New Order - Republic (Vinyl)

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Republic (stylised as Republic©) is the sixth studio album by English rock band New Order. It was first released on 3 May 1993 in the United Kingdom by CentreDate Co Ltd in association with London Records and in the United States by Qwest and Warner Bros. Records. It was the band's first album following the demise of their former label Factory Records, and would be their last studio album for eight years until 2001's Get Ready.

 



The much-maligned Republic. Republic is the New Order of New Order albums: a puzzling and questionable combination of choices and circumstances that against all odds not only worked but spectacularly so.

Republic has this ethereal, sort of jazzy quality that I don’t think is in any other New Order album. I think part of it is Hague’s production, maybe it’s trying too hard to capture trends of the era, maybe there’s something going on in the songwriting process (allegedly Bernard wielded even more power to the direction of the sound), maybe it’s just the fact that the band is at the point where they have churned out the best version of what is expected of them, and from then on, any attempt to recreate it will likely fall short of expectations, so they have to work around it somehow. This is not a flaw on the band’s part, this happens to most bands/artists with continuous creative process, especially as much as they did for such a short time (5 albums in a decade).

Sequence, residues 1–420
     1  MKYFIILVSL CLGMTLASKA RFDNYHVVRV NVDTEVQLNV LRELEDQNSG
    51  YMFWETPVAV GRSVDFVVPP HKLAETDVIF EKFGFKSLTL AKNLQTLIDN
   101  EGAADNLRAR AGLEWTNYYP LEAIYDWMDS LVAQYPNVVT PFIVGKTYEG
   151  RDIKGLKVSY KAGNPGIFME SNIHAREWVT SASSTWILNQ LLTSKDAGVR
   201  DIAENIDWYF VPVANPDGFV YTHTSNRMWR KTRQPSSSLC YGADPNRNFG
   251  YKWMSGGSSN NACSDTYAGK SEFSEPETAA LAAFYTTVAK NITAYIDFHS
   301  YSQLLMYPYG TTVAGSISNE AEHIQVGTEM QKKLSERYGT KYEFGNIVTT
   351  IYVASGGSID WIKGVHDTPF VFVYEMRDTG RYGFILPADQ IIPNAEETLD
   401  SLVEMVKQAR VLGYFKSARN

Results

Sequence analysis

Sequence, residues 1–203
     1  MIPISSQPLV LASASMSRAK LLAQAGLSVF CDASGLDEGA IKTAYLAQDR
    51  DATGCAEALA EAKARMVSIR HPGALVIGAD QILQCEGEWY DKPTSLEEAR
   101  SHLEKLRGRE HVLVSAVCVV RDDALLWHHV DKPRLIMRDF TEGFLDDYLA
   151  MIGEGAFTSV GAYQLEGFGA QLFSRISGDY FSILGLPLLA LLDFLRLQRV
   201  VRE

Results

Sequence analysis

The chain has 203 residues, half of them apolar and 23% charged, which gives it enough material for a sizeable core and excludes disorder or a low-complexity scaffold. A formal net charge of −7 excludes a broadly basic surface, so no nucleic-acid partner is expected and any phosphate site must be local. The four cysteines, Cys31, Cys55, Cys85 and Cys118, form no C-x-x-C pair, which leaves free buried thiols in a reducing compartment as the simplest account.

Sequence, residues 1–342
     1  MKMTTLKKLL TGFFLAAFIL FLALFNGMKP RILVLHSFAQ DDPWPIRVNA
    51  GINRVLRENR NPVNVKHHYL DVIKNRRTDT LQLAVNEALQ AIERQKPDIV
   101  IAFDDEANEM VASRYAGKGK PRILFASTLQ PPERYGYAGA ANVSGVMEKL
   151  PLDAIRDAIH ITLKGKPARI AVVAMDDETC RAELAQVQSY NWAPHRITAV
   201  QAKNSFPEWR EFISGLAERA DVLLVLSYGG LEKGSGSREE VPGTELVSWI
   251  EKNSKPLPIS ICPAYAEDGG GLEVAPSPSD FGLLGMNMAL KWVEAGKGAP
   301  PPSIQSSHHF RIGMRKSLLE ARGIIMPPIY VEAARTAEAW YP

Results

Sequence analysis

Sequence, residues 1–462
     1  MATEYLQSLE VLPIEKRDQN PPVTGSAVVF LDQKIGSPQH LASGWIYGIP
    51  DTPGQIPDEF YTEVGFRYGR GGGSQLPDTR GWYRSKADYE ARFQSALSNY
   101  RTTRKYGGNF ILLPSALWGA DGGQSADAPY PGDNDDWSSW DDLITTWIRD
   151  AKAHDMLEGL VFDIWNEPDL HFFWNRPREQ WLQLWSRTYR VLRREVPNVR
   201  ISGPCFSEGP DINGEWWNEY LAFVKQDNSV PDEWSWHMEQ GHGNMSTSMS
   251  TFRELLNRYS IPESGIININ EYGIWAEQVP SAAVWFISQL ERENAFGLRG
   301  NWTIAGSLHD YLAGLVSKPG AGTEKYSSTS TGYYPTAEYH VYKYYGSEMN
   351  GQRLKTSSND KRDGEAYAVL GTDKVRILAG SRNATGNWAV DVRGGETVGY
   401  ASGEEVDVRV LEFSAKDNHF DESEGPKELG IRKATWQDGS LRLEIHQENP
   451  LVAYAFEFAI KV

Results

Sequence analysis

The making of this album has been extensively documented to be a very difficult time for pretty much everyone in the band, yet at the same time this is one of their most commercially successful albums. Accusations of selling out or defying their punk ethos aside or whatever, this is still pretty much a kind of “arty” album. Despite its poppier disposition it’s not a record that lends itself to easy listening, there are some dark and jarring moments in the album typical of a New Order album. I think one of the more “commercial” things they try to do here is to sell Bernard as someone who can actually sing. Not necessarily a bad thing but in doing that sort of changed the personality of the music which is why the emotional punches it delivers are usually different then what you’d expect in a typical New Order song.

Ruined in a Day and Everyone Everywhere are songs I keep coming back to for this exact mood that I don’t really find in any other New Order song. Funnily enough I actually don’t care much for Regret, it’s a tad too generic in my ears and I’ve never been much of a fan of straight up rock New Order. Avalanche is straight up one of the most beautiful moments in their discography. Times Change is a really funny one, Bernard got too cocky after getting away with 2 rap songs in Electronic he tries to pull off “In a manger like Christ I lay, yellow fever, yellow hay”. It otherwise has that certain ethereal mood, especially with the delicate bass solo in the middle.

Even though I don’t care for much else in the album (maybe World), the exceptional moments in Republic made this album special in its own way.

By: Cvantez


A1 Regret
A2 World
A3 Ruined In A Day
A4 Spooky
A5 Everyone Everywhere
B1 Young Offender
B2 Liar
B3 Chemical
B4 Times Change
B5 Special
B6 Avalanche



1 x LP Reissue on Warner Records.